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The Boston Phoenix Orderly Conduct

My short, strange career as a mental-health worker.

By Michael J. Woods

JUNE 8, 1998: 

Day 1

"Dr. Strong to the admission unit, Dr. Strong to the admission unit."

The voice of the unit secretary comes over the hospital PA system as calmly as her nerves allow. "Dr. Strong" isn't a person -- it's a coded plea for all able-bodied men (and brave women), save for the kitchen help, to help restrain a particularly violent and/or psychotic patient here at "Goodwill Acres." (All names have been changed to protect privacy.)

Goodwill Acres is a private Boston-area psychiatric facility where I've taken a job as a mental health worker, or "milieu therapist." In this case, the patient who's about to get tag-teamed is John V., a 42-year-old who's being admitted with bipolar disorder. He hasn't been taking his meds at home and is delusional. Bug-eyed and snarling, Mr. V wants out because he's "due at the space station at the mall by 6 a.m." He refuses orally administered medication. After conferring with me, three other milieu therapists, and a handful of personnel who've answered the "Dr. Strong" call, his doctor recommends four-point locked leather restraints. We huddle to plan our advance -- who will grab which limb, which room we'll carry him to, who will secure the buckles that hold him to the bed.

This is my first day of work at Goodwill Acres. My training for this job has consisted of one college-level psych class (I received a D-plus), a string of mostly losing efforts in street fights and bar brawls, and six hours of orientation last week. None of this matters as the order is given to rush Mr. V. We attack. Years of mental illness and medication have taken their toll, and he is quickly subdued and shackled.

Mr. V's body may not be able to resist the onrushing "de-escalation team," but his mouth has plenty of bite. He screams "Niggers!" at two of my black colleagues, and promises he will see to it that the female nurses will "have their tits cut off." After the charge nurse shoots him in the butt with 10 milligrams of Prolixin and 5 milligrams of Haldol, though, the venom runs out, and within 10 minutes Mr. V is drooling on a pillow.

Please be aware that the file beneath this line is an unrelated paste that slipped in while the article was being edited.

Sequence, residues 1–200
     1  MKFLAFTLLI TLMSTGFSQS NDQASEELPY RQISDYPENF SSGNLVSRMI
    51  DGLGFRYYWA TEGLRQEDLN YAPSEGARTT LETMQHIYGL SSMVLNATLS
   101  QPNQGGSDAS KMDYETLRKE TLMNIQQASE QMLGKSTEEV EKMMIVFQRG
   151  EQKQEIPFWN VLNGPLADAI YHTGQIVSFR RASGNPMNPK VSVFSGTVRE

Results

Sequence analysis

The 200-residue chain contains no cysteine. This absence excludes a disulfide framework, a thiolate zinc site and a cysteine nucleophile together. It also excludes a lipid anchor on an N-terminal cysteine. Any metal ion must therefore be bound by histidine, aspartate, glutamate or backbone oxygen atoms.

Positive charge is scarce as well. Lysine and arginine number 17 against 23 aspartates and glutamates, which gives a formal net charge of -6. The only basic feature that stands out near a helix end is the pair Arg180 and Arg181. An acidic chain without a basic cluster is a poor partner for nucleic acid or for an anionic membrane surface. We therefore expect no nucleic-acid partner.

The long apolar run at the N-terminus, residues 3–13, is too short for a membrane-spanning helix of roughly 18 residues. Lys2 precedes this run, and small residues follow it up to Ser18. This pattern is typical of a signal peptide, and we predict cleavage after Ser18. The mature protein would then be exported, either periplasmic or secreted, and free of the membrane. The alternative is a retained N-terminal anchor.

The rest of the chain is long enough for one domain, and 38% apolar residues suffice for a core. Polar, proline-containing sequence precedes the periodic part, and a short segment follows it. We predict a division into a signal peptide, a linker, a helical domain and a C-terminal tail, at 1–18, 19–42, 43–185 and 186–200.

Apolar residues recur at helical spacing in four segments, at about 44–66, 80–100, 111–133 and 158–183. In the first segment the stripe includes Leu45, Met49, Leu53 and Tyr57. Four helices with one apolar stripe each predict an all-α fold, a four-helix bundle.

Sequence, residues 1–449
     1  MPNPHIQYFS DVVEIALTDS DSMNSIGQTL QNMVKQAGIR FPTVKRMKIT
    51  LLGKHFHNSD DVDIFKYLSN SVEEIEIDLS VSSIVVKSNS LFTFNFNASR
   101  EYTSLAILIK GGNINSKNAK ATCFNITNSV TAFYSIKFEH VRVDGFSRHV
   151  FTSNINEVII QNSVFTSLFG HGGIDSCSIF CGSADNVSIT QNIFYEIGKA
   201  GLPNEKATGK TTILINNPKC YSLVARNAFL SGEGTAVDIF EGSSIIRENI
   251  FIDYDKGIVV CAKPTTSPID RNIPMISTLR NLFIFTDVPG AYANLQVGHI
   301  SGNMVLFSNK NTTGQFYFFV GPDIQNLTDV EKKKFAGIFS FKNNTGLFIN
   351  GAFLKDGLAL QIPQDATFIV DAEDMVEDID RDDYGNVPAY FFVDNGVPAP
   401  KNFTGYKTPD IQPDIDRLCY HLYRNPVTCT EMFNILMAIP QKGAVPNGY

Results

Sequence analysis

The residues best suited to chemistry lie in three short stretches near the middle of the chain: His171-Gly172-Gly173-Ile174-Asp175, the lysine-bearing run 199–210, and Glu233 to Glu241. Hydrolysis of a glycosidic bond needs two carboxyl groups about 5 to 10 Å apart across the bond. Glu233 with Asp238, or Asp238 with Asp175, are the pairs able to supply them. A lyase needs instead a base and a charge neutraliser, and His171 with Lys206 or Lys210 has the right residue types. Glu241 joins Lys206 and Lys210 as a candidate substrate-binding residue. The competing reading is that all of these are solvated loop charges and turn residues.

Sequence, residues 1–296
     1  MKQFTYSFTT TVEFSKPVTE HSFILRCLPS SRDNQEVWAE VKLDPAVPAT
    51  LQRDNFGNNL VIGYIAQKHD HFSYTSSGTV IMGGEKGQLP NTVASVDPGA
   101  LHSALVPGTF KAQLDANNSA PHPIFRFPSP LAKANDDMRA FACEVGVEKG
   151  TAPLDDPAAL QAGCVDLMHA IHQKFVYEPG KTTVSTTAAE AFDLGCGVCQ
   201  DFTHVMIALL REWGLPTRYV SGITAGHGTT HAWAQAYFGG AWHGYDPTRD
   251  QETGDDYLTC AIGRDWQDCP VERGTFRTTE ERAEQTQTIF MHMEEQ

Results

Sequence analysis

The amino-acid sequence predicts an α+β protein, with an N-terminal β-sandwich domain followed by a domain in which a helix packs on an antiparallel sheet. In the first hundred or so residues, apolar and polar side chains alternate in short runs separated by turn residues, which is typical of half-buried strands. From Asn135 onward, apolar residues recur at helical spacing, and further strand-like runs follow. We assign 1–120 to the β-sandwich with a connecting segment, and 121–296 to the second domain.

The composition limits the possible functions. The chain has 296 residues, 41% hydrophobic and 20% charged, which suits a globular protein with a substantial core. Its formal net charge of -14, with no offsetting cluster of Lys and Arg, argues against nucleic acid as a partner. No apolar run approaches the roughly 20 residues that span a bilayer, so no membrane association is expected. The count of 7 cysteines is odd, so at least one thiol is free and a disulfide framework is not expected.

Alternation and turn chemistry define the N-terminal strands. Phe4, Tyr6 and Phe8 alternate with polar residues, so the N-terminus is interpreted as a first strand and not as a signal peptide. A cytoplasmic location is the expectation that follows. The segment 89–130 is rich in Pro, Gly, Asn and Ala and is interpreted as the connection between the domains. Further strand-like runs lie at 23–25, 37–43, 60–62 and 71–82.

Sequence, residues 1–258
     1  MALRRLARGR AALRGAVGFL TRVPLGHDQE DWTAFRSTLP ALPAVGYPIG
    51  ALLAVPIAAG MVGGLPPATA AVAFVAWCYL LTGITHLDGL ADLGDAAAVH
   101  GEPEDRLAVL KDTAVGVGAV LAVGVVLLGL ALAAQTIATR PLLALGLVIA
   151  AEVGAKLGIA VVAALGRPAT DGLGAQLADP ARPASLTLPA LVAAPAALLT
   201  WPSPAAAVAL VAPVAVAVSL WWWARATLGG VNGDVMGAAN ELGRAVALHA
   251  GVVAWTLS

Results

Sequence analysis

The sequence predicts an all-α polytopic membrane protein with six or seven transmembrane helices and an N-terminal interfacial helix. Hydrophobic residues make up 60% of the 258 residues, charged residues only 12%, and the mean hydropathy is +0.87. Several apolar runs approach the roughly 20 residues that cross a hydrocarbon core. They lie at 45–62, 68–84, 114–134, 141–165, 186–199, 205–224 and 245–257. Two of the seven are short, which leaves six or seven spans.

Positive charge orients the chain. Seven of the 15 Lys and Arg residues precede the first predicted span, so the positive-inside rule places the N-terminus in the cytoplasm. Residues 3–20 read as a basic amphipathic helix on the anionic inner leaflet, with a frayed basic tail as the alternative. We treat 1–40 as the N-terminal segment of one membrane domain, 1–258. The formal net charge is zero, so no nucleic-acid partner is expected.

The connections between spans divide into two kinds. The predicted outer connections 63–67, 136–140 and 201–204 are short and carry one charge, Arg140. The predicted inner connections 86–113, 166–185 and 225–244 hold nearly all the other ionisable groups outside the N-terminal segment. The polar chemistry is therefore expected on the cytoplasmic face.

Day 2

My shift starts at 7 a.m. The morning crew takes over from the overnight crew, who have left us a tape-recorded rundown on the state of the 20 patients in this locked admission unit. The first thing we do every morning is listen to the tape: it notes any aberrant behavior and documents medications. The tape is a practical tool to prepare for potential problems, but it can also be darkly humorous. This morning, the charge nurse informs us that he was called to the four-bed suite housing one Marie M.

"Marie was found to be on the floor of her bedroom trying to remove her sanitary napkin with her feet, because she apparently didn't want to sully her hands," the nurse reports.

Day 6

Mr. V hasn't measurably improved. On the contrary: before the shift change, at 2:15 p.m., he pulled a Harry Houdini and slipped three of his four restraints, and now I hear him yelling.

"Can someone get me a big knife?" he asks.

Mr. V has one wrist still in restraints. He is standing next to his bed, which he has dragged over to his door, and he leans his head out, repeating his request. The linoleum floor around him is covered in his own urine, which makes his re-restraint more difficult. I kick off my penny loafers to gain traction, and the three on-duty mental health workers subdue Mr. V. The nurse pulls down his pants and aims a shot of Thorazine into his right buttock. Mr. V mutters one last, medication-garbled threat and drifts off. I hope his dreams are sane.

What I've learned so far: Euphemisms are big in this community. My favorite catchall term is inappropriate, which we use to describe transgressions big and small. One patient is reportedly trading oral sex for cigarettes. She was reprimanded by her assigned social worker, who noted the "inappropriate behavior" in her case notes.

Day 47

When not attending group meetings or occupational-therapy classes, the patients often can be found watching television and smoking cigarettes. "Tim Richards" lives on coffee and the Virginia Slims we hand out; like many patients, he enjoys the soothing hypnotism of TV. Richards, now in his 50s, with a long black beard overtaking his 130-pound body, was fully functional before a 1979 car accident. He now shows symptoms of Parkinson's disease, as well as aphasia, the loss of the ability to express and understand ideas.